Dino de Laurentiis died today at the age of 91.
As I write this blog, my eyes are filled with tears and my heart is filled with both sadness and gratitude. It was my great experience and honor to have worked as Dino’s head of production from 1990 to 1993.
During that time, Dino and I would arrive at the office around 7 AM and be (almost) alone for about an hour before everyone else came to work. I say “almost” because Dino was usually accompanied by a lovely woman named Conchetta who worked for Dino at his home, and came to the office in the morning to make the world’s best espresso and cappuccino. Every morning, Dino, who was one of the greatest storytellers I have ever met, would regale me with stories about his 60 years of adventures in the film business. I promised Dino then that I would never talk specifically of those stories so I will only say that I sat there every day, alternately spellbound and convulsed with laughter, as Dino shared his memories with me.
Chapter 12 of Bringing Back The Old Hollywood is devoted to my years with Dino, who was an original in every sense of the word, as this excerpt illuminates:
The Real Italian Stallion
“Ray Stark and Dino de Laurentiis were the last of the old-time “mogul” producers and it was my great honor to head production for both of them.
Weirdly enough, Dino too had tragically lost a son before I started to work for him.
Two men who had lost sons hired a guy who had lost his father. Freud would have loved us
Dino de Laurentiis was and still is a living legend.
He almost single handedly put the Italian film business on the movie map in the 1940s through the 1960s, producing countless classics such as La Strada, Nights of Cabiria, and Bitter Rice with directors such as Federico Fellini. Coming to America, he also produced classic films such as Serpico, Conan The Barbarian, and Three Days of The Condor.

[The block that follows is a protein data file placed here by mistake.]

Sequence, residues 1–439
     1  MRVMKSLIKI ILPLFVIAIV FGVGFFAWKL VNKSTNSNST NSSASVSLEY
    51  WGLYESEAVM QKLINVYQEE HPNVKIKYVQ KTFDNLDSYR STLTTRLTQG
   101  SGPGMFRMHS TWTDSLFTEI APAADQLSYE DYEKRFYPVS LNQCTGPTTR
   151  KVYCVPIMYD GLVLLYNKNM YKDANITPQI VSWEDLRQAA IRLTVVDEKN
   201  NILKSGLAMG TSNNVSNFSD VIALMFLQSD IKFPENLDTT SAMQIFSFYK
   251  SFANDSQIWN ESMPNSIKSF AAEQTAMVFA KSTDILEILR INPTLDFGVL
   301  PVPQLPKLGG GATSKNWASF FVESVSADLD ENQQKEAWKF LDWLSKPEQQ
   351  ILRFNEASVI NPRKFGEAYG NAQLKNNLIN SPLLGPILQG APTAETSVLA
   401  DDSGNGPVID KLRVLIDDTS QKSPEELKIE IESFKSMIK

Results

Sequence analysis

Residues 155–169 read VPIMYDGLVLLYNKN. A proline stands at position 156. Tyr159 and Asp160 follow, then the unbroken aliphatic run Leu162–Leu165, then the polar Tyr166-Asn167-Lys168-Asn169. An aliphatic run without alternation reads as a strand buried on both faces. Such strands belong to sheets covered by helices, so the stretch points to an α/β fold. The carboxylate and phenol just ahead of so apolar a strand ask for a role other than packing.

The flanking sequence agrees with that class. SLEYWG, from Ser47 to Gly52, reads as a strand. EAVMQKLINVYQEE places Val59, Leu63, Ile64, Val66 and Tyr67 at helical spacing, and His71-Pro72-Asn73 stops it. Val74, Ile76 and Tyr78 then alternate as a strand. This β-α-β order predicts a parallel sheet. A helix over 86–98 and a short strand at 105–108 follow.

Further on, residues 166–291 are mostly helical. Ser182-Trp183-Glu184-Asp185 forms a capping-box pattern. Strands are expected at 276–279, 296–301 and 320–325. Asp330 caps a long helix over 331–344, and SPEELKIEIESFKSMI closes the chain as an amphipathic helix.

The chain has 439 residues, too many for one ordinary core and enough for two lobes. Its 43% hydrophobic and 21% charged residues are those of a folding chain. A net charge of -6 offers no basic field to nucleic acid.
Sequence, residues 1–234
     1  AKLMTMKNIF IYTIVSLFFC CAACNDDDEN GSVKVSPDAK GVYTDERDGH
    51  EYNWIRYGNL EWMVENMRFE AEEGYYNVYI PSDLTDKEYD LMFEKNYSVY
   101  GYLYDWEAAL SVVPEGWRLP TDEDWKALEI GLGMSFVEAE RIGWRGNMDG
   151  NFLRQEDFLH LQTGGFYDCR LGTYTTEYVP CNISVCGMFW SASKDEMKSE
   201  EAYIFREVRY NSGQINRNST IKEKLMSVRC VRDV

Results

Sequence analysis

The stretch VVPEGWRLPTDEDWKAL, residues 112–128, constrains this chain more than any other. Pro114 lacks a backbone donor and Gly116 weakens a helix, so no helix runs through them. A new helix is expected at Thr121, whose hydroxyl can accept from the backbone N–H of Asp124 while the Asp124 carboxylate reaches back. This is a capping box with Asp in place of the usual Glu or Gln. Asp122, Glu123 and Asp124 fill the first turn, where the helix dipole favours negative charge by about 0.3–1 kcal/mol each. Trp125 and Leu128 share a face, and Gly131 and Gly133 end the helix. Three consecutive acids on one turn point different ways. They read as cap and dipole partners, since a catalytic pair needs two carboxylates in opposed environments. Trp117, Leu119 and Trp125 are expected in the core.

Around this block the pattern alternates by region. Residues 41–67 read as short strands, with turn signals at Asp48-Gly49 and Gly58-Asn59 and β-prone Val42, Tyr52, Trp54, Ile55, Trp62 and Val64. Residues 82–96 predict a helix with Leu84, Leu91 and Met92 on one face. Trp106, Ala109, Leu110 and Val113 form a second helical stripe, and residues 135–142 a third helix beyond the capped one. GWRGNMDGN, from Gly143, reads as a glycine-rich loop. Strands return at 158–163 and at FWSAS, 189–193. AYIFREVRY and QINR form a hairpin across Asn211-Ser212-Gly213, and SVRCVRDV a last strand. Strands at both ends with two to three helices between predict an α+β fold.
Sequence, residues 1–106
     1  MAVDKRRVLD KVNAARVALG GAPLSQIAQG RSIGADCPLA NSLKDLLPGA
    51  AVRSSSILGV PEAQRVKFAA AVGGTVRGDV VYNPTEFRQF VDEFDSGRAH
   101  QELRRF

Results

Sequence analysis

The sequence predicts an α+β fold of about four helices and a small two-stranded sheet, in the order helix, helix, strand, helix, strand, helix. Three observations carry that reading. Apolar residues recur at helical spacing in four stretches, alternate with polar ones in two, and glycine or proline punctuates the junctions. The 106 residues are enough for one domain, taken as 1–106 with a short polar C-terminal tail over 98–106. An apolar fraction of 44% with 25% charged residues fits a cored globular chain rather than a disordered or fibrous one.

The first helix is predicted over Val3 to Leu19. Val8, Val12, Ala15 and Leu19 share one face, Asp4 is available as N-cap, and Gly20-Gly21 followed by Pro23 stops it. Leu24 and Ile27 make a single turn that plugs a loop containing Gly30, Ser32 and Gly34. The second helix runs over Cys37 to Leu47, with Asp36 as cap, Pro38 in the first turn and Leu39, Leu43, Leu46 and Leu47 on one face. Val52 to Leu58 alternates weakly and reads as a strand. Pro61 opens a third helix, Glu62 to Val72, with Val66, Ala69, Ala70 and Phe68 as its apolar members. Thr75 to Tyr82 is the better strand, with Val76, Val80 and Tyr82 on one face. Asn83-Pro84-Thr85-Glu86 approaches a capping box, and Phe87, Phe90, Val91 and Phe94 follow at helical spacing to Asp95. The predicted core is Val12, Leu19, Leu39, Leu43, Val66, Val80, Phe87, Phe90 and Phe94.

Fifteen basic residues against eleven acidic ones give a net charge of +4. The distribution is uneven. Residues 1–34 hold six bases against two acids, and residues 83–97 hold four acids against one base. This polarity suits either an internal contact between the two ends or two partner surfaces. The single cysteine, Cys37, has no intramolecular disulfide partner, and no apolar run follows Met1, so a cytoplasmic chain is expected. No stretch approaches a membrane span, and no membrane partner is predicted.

Dino was also a consummate entrepreneur who single-handedly invented the concept of the separate selling of foreign and U.S rights to films. Dino’s split rights financing concept resuscitated and re-birthed the independent film industry and Dino flourished.
Diminutive in physical stature, Dino had the heart of a lion, a symbol that he quite appropriately used as his company logo. And, oh, did Dino love movies. That was something that he and Ray Stark shared: a huge passion for deal making and a love for films and the people who made them.
Dino lived, breathed, and dreamed about movies and it was the experience of a lifetime to share film adventures with him, even at that late moment in his career.”
The movie business and the world have suffered a great loss today.
Godspeed on your journey, Dino. You made an indelible mark on the business you loved so much and we will always remember you as the last great mogul. Rest well and in peace.